7. 7. Developer’s Guide Application Environments You can choose between different environments for realizing your mo- bile vision. This section describes the most common environments and outlines differences between them. A more detailed description follows in the environment specific chapters later onwards. Native Applications You can also create native applications for many mobile handsets. There are a lot of mobile operating systems used in the market today – some are Open Source, some are not. Most important OS are (al- phabetically) Android, BlackBerry, Maemo, Moblin, OS X, Symbian and Windows Mobile. All these OS allow you to creative native applications for them without establishing a business relationship with the respec- tive vendor. Most mass market phones are, however, equipped with em- bedded operating systems that cannot be programmed for by outsiders. Examples include but are not limited to Nokia Series 40, Samsung SGH and Sony Ericsson Java Platform phones. Main benefits for programming native applications include the best possible integration of your application and often a very good perfor- mance. Typical drawbacks are the required effort and the complexity of supporting several native platforms (or the limitation of your app to only one platform). Also most mass market handsets cannot be pro- grammed natively. 8
  8. 8. The following table provides an overview about the main mobile operating systems: OS Language(s) Remarks Android Java Open Source OS (based on Linux) Blackberry Java Is also J2ME compatible, but the native APIs provide better integration. LiMO C, C++ Open Source OS (based on Linux) Maemo C, C++ Open Source OS (based on Linux) Moblin C, C++ Open Source OS (based on Linux) OS X / iPhone Objective-C, C Requires Apple Developer Account Symbian C, C++, others Open Source OS Some Series 60 compatible phones support further languages like Python. Most Symbian phones support J2ME. Web OS HTML, CSS, Widget style programming, OS is JavaScript based on Linux Windows C#, C You can choose between the .NET Mobile Compact Framework and programming Windows Mobile directly. Most Windows Mobile phones also come with a J2ME compatible JVM preinstalled. 9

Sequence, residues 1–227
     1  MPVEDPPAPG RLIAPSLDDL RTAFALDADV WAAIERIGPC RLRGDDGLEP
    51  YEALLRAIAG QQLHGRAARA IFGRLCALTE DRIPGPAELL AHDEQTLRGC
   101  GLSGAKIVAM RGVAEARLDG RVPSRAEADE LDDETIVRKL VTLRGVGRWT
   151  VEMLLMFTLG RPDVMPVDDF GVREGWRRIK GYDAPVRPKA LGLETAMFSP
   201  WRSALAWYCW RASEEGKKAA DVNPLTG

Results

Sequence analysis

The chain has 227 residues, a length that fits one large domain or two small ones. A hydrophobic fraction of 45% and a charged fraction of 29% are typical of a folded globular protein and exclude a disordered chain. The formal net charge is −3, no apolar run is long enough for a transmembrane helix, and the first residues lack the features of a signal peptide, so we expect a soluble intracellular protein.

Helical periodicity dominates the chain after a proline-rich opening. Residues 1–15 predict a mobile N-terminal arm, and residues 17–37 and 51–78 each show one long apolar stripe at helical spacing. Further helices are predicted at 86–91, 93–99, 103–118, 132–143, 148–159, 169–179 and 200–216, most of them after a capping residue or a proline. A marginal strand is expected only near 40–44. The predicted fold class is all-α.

9. 9. J2ME / Java ME Around 80% of all mobile handsets shipped in 2008 support the mo- bile Java standard (J2ME/Java ME), so Java is by far the most widely distributed application environment. In contrast to many other en- vironments, J2ME is a standard rather than a product, which can be implemented by anyone (who pays Sun the corresponding license fees that is). Standardization is the strength of J2ME but at the same time it is the source for many fragmentation problems. On many handsets with embedded operating systems, J2ME is the only way to realize client side applications. The main problem is the frag- mentation, meaning the little differences between the implementations and handsets. Flash Lite Flash Lite is the mobile edition of Flash, which pretty much is the same as an older version of Adobe’s web Flash product. Flash Lite gains trac- tion and is especially favored by many designers, since they know the tools already. Flash Lite features a powerful UI but it lacks a good integration into the native devices, although this is improving. Programming Flash Lite is relatively easy thanks to its Action Script language that is very similar to Java Script. The drawback is its poor performance and small market share in comparison to J2ME. BREW The Binary Runtime Environment for Wireless (BREW) is a low level programming environment pushed forward by Qualcomm. Nowadays it is under immense pressure since there is only one operator in the US left (Sprint) and has not been adopted widely anywhere else (some in 10